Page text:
Most people are aware that there are many rings of Saturn that are separated by gaps such as the Cassini division. These rings and gaps are caused by ‘gravitational resonance’ between Saturn and many of its moons which can each be responsible for a ring. This same principle is in effect between the Sun and the planet Jupiter which causes the same kinds of ‘rings’ and ‘gaps’ that occur in the asteroid belt between Mars and Jupiter.

(The Great Courses – Black Holes, Tides, and Curved Spacetime: Understanding Gravity)

Slower than watching grass grow

The calculation for the force of gravity was first calculated in 1798 by Henry Cavendish. Using brass shot puts hanging on an intricate balance he was actually able to calculate the gravitational constant by measuring their movement due to their gravitational attraction to each other.

(The Great Courses – Black Holes, Tides, and Curved Spacetime: Understanding Gravity)

The Second Triumverate

After Julius Caesar was murdered there were basically three groups vying for power. The Republicans lead by Brutus and Cassius were opposed by Mark Antony who saw himself as the political inheritor from Caesar, and the teenager Octavian the who had just been named in Caesars will as his adopted son and inheritor of this estate. All three powers fought against one at different times until Mark Antony and Octavian finally forged an alliance to defeat the Republicans to avenge Caesars murder and then form the second triumvirate (with Lepidus who was by far the lesser of the three). After a lot of maneuvering and plots Antony and Octavian eventually decided to really try and form an alliance to rule Rome and Mark Antony married Octavian’s sister Octavia. It was a lavish wedding and Antony had a coin struck with his and his new wife’s heads. This is the first time that we know about where a woman appeared on a Roman coin.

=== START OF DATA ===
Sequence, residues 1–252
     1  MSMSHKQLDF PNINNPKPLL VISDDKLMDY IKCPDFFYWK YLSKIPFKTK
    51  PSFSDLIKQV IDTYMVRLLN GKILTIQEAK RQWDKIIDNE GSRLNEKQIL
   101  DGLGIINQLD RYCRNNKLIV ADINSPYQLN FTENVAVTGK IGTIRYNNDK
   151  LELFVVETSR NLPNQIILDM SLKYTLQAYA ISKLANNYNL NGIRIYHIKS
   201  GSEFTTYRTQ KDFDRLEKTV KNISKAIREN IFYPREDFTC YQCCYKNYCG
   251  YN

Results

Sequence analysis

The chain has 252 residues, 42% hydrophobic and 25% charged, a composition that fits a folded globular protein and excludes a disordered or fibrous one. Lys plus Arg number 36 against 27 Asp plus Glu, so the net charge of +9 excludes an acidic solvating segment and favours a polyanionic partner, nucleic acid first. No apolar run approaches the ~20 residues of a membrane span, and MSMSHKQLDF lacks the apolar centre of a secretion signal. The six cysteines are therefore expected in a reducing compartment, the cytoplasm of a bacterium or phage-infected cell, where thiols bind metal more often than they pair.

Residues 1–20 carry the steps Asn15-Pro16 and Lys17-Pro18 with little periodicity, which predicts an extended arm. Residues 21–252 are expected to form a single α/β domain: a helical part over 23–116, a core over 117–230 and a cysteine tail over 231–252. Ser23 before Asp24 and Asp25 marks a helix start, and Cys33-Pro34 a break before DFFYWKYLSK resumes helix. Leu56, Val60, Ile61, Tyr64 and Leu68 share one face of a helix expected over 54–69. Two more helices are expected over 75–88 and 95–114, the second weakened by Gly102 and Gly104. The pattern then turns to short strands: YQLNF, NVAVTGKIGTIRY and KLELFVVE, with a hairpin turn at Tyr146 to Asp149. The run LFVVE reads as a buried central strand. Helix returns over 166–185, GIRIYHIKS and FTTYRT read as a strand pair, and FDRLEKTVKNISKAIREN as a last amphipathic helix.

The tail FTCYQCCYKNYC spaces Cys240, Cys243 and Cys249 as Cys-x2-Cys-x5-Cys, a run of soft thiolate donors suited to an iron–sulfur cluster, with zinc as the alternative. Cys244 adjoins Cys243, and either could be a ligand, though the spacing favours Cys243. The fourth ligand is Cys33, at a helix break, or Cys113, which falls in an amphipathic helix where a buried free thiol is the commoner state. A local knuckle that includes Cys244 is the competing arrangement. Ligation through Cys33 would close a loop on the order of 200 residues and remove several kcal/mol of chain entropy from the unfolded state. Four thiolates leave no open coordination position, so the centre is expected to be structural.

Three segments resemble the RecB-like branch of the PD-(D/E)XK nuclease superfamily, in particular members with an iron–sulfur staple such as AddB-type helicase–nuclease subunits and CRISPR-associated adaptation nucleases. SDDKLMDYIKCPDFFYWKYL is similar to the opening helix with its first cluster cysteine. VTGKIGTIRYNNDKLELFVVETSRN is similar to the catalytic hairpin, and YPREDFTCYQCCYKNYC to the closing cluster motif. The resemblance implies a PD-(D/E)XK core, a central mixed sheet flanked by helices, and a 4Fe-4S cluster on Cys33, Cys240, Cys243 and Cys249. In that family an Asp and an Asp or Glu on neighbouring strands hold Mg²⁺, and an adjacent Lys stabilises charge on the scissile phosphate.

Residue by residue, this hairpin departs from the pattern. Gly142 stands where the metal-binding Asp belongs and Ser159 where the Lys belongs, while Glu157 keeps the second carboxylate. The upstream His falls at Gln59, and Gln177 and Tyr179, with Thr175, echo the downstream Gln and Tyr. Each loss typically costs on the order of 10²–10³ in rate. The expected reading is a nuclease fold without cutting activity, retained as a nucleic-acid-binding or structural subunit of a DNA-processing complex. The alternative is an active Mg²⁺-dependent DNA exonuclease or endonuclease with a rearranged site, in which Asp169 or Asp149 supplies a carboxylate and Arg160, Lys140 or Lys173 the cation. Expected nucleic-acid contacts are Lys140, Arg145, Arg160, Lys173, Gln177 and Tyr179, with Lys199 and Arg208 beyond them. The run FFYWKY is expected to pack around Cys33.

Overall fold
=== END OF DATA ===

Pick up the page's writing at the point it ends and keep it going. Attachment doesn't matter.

(Book – Augustus: The Life of Rome’s First Emperor – Anthony Everitt)

Let’s write a hit song!

There are a lot of songs that weren’t exactly original. Because the originals are so old they are part of the public domain and can be used without fearing a lawsuit. “There’s a place for Us” is from Beethoven’s Emperor Concerto second movement, “I don’t know how to love him” is from the second movement of Mendelssohn’s Violin Concerto,  “Don’t sit under the apple tree” is from an old folk song, “I can’t help falling in love with you” is from a 1790’s French song called “Plaisir D’Amour”. There are many other examples as well.

(The Great Courses – Great American Music: Broadway Musicals)